Protect Vacation Rentals — A collection of articles posted by "professionals against the legislation banning short-term rentals in New York City"(Source: Protect Vacation Rentals).See this site for articles, legislation, and more with a New York focus.
Community from HomeAway — HomeAway (www.homeaway.com) connects travelers with short-term rental properties, and Community from HomeAway is a member-driven site with topic forums, resources, groups, and blogs for both travelers and property managers.
Locate Short-Term Rental Listings
Rentmix.com — aggregates vacation and short-term rental listings from several sources (AirBnB, HomeAway, and FlipKey) and shows listings on a full-screen map. For a bit more information on Rentmix.com, see this AGBeat article.
Sales Tax Formulas for Vacation Rentals, Community from HomeAway
Sales Tax Requirements for Vacation Rental Homes, Community from HomeAway
State Sales Tax Offices, Community from HomeAway
* Please check with local government in your rental property area for information on permits, taxation, and regulations.
eBooks & Other Resources
The following eBooks and digital audiobooks are available to NAR members:
How a Second Home Can Be Your Best Investment (Adobe eReader)
The Real Estate Investor's Tax Strategy Guide (Adobe eReader, Kindle)
Buying a Second Home: Income, Getaway or Retirement (Adobe eReader)
Complete Guide to Investing in Rental Properties (Adobe eReader)
How a Second Home Can be Your Best Investment (Adobe eReader)
How to Succeed and Make Money with Your First Rental House (Kindle, Adobe eReader)
Leases & Rental Agreements (Adobe eReader)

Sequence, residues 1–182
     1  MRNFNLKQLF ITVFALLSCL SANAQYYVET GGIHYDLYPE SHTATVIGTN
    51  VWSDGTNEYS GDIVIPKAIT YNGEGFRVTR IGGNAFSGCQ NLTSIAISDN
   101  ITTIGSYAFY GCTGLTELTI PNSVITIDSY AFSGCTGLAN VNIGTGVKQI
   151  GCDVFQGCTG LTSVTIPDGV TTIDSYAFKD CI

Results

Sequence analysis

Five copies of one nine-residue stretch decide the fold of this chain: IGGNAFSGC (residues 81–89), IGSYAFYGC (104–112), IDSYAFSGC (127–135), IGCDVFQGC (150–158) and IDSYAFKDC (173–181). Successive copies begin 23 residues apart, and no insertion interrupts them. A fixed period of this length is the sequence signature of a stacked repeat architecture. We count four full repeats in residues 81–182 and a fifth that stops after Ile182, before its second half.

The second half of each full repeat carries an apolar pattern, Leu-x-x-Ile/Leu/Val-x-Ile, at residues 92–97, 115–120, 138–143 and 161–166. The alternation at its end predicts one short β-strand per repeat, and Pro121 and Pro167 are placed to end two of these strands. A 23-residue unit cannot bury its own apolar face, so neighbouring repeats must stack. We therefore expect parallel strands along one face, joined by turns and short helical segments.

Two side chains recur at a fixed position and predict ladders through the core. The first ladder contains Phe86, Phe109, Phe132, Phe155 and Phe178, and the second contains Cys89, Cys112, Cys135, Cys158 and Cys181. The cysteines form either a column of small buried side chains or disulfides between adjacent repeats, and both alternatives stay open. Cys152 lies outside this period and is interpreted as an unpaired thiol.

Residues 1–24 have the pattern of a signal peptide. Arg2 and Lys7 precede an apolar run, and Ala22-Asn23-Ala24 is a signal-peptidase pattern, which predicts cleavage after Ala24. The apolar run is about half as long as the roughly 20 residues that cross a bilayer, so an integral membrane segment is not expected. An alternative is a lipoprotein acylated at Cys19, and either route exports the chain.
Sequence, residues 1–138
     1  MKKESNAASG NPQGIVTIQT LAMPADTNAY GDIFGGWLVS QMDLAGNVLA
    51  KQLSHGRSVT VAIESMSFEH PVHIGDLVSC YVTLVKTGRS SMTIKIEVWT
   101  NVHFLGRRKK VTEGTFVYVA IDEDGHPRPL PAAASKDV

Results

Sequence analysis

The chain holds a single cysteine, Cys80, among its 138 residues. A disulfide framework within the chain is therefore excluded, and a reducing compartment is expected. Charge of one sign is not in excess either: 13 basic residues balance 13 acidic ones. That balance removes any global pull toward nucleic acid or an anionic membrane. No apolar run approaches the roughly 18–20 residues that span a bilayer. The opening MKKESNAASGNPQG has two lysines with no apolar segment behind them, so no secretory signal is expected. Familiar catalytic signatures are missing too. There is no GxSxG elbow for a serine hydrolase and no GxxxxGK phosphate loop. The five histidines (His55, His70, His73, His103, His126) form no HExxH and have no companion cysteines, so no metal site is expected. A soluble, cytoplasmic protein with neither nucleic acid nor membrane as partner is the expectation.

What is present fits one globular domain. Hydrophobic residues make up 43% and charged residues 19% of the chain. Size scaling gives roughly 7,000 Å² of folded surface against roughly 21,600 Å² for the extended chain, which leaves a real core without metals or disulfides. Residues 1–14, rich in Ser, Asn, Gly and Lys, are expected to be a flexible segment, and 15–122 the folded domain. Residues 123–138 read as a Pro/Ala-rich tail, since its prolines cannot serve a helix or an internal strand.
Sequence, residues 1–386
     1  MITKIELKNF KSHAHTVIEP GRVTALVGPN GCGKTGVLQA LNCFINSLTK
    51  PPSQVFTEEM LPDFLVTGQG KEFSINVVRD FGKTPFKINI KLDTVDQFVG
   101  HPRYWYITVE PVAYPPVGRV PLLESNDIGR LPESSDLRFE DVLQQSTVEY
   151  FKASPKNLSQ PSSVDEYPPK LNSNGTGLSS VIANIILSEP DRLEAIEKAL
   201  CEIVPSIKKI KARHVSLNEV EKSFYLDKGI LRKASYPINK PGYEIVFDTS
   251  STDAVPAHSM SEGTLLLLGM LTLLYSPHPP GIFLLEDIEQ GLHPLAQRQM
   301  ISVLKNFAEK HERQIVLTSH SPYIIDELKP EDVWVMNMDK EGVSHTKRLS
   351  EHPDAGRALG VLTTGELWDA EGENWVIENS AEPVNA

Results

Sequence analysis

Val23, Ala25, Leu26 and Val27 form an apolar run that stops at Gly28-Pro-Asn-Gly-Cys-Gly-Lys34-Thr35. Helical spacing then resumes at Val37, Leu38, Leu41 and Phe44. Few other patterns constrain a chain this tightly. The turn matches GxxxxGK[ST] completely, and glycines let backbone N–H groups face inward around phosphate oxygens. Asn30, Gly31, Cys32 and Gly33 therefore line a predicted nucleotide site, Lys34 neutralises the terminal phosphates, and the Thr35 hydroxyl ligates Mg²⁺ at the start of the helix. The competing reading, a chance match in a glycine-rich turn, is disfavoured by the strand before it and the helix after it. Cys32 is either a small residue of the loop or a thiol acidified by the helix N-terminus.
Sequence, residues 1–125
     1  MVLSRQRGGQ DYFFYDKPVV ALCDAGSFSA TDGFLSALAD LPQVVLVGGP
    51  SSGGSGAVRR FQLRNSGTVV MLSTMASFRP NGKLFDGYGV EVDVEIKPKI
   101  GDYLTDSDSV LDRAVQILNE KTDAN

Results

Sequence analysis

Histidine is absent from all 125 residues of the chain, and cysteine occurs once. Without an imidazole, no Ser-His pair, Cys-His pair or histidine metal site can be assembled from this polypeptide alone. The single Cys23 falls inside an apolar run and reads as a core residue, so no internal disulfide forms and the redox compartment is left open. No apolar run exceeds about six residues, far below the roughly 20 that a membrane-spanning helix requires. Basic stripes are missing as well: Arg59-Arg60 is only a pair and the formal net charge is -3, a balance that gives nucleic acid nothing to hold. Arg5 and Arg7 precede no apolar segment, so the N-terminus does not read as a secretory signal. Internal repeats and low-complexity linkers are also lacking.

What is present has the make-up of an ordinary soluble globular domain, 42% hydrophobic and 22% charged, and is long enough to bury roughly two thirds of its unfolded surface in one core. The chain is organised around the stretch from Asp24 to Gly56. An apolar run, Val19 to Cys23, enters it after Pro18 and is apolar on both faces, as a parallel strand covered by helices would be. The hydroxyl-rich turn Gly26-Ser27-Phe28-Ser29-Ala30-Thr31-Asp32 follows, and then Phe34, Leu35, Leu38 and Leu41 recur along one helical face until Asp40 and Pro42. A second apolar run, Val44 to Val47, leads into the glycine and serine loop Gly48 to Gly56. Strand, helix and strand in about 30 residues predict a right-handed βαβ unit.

Second Homes for Dummies® (Kindle, Adobe eReader)
The Unofficial Guide to Managing Rental Property (Adobe eReader)
Books, Videos, Research Reports & More
The resources below are available for loan through Information Services. Up to three books, tapes, CDs and/or DVDs can be borrowed for 30 days from the Library for a nominal fee of $10. Call Information Services at 800-874-6500 for assistance.
Hold: how to find, buy, and rent houses for wealth (New York: McGraw Hill, 2013). HD1382.5 .H654 2013
Get rich slow: your guide to producing income & building wealth with rental real estate (Salt Lake City, UT: Millrock, 2013).
Buy it, rent it, profit!: Make money as a landlord in any real estate market (New York, NY: Simon & Schuster, 2009).
Vacation home fractional conversion: A complete guide for home sellers, builders and real estate professionals (Chicago, IL: Fractional Retreats LLC, 2009).
Vacation nation: The complete guide to timeshare, private residence clubs, fractionals & destination clubs (Chicago, IL: BookSurge Publishing, 2009).
Field Guides & More
These Field Guides and other resources in the Virtual Library may also be of interest:
Have an Idea for a New Field Guide?
Click here to send us your suggestions.
The inclusion of links on this field guide does not imply endorsement by the National Association of REALTORS®. NAR makes no representations about whether the content of any external sites which may be linked in this field guide complies with state or federal laws or regulations or with applicable NAR policies. These links are provided for your convenience only and you rely on them at your own risk.